Organized sports often require protective eyewear. Here’s what else to think about to avoid eye injuries.
Most organized youth sports leagues require equipment that protects athletes’ eyes – for good reason. Children and teens playing sports can suffer direct hits to an eye or the bone surrounding it. This is a risk in many sports. Athletes get hit in the eyes by balls — smaller balls at high speed are the biggest worry — sticks and other equipment, or other players’ hands and elbows. Eye injuries may continue to have a long-term impact.
At the Vanderbilt Eye Institute, Sylvia Groth, M.D., cares for children’s eyes and vision. She offers these tips for preventing eye injuries that can happen to children and teens during sports and other activities.
What parents can do to protect young athletes’ eyes and vision
- Teach your children that they must wear their sports’ required goggles, face shields or other protective gear, every time they play or practice.
- Activities outside of organized sports need eyewear, too — think paintball, for example. The faster the projectile, the more damage it can do to eyes. Make it a rule: Everyone wears protective goggles. Even some high-speed foam weapons, like Nerf products, can be hazardous to eyes, so provide some cool goggles for children to wear with indoor toys.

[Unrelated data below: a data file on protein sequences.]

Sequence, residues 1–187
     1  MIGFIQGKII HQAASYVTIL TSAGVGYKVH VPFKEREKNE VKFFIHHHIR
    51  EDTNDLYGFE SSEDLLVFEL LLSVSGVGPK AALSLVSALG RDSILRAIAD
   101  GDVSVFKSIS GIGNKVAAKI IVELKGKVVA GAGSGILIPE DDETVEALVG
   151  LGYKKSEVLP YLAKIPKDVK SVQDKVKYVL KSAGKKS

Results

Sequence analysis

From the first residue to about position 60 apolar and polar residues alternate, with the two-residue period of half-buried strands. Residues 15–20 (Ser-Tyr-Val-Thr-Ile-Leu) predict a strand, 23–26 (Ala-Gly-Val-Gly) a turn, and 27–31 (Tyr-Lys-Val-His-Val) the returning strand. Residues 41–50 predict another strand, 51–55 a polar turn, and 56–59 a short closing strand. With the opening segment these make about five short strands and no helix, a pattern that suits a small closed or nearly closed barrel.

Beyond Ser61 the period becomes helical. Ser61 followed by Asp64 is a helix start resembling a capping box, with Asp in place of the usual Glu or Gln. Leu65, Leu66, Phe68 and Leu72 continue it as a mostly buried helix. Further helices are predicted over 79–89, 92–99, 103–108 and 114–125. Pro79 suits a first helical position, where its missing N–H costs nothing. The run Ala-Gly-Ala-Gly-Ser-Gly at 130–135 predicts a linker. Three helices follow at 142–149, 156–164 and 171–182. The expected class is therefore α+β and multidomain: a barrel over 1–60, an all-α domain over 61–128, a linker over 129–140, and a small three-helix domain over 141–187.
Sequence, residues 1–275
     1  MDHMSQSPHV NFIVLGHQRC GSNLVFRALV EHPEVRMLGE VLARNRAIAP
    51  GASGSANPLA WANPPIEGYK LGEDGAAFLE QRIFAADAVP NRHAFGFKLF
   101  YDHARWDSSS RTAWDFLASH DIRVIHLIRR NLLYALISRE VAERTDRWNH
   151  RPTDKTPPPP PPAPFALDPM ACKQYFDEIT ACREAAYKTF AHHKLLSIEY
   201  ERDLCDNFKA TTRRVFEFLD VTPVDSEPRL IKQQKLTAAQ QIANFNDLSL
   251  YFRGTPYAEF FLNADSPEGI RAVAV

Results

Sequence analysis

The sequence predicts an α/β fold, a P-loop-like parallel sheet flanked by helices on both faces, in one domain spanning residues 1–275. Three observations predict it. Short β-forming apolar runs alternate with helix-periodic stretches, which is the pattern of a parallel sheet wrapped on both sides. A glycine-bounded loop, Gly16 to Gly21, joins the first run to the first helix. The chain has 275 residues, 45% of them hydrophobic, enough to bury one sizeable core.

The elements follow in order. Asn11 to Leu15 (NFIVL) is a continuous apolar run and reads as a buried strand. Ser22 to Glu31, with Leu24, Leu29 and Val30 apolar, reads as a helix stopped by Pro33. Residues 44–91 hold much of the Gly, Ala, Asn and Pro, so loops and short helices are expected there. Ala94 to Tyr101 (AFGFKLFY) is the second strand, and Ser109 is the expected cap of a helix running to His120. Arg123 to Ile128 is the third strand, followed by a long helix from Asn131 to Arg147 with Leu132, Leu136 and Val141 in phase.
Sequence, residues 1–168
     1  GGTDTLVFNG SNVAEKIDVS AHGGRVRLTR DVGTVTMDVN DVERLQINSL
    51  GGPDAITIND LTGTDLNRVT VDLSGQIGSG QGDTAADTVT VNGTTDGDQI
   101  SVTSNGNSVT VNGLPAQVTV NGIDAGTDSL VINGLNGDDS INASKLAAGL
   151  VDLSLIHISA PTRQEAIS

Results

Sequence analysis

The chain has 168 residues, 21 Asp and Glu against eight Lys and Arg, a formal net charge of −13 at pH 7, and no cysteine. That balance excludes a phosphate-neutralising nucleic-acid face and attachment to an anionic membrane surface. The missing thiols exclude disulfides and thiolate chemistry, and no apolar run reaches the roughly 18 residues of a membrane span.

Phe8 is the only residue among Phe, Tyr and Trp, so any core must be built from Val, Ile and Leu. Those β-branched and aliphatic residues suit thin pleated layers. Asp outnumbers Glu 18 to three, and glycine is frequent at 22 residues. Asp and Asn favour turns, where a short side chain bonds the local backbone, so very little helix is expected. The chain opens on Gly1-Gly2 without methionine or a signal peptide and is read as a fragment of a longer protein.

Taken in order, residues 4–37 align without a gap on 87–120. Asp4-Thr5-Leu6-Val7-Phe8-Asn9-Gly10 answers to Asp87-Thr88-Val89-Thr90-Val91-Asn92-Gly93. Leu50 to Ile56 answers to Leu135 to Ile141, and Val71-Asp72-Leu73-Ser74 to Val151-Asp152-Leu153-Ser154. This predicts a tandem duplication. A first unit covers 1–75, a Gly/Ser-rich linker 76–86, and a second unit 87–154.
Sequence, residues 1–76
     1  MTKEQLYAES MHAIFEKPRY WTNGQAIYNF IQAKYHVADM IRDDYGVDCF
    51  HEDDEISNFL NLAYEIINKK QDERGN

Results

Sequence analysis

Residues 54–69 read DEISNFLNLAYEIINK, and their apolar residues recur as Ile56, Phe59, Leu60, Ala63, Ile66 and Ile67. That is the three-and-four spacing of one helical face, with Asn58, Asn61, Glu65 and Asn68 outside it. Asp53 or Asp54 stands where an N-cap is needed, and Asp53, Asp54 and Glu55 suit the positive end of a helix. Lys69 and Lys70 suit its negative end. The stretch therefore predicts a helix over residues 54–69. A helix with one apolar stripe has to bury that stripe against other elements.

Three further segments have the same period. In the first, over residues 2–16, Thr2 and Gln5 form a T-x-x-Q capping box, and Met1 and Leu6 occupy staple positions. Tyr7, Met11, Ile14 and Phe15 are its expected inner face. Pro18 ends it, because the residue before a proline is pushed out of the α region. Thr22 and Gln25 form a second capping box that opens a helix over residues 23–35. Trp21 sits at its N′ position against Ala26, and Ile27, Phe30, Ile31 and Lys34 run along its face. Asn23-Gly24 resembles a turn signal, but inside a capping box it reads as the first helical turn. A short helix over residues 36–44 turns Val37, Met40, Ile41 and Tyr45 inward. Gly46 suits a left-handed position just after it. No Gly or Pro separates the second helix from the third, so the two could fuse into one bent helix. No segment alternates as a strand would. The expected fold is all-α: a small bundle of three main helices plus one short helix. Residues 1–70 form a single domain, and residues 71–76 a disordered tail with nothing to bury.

- When buying protective glasses or goggles, look for polycarbonate lenses (they won’t shatter) and wraparound shapes. Wraparound styles offer some protection around the side of the face, not just head-on. Multi-sport goggles are usually fine.
- Teach children never to aim firearms of any kind at another person. Pellet guns, BB guns, paintball guns, etc., can cause extreme damage to eyes.
- Eye injuries can happen outside of sports. If your teens mow the lawn, be sure they wear closed safety glasses to protect eyes from below. A lawnmower of any type can kick loose stones and twigs upward into the face at an angle that sends the debris into the eyes even if the teen is wearing sunglasses.
- If something hits your child in or near the eye, take him to an eye doctor that day, or to the emergency department on nights or weekends. A ruptured globe is a serious injury but it’s not always easy to detect. At Vanderbilt University Medical Center’s emergency department, for example, a pediatric ophthalmologist is on call 24/7 to attend to emergency eye traumas if the emergency room staff feel it’s needed.
How to protect vision long-term
- Encourage your child to wear sunglasses whenever outdoors in the sunshine. Sunglasses protect the eyes from the sun’s harmful rays that otherwise go unnoticed. Buy sunglasses with UV protection.
- Teens in many sports prefer contact lenses to eyeglasses. Those using contact lenses should know how to clean and care for their contacts and avoid habits that lead to eye infections. (Don’t sleep with contacts in!)
- Blunt trauma to the eye can increase the risk of glaucoma later in life. Anyone who has an eye injury in youth should get regular eye checkups throughout life.
Eye injuries occurring at earlier stages in your child’s life can easily be prevented by taking these extra measures. Learn more about eye safety and visit our blog.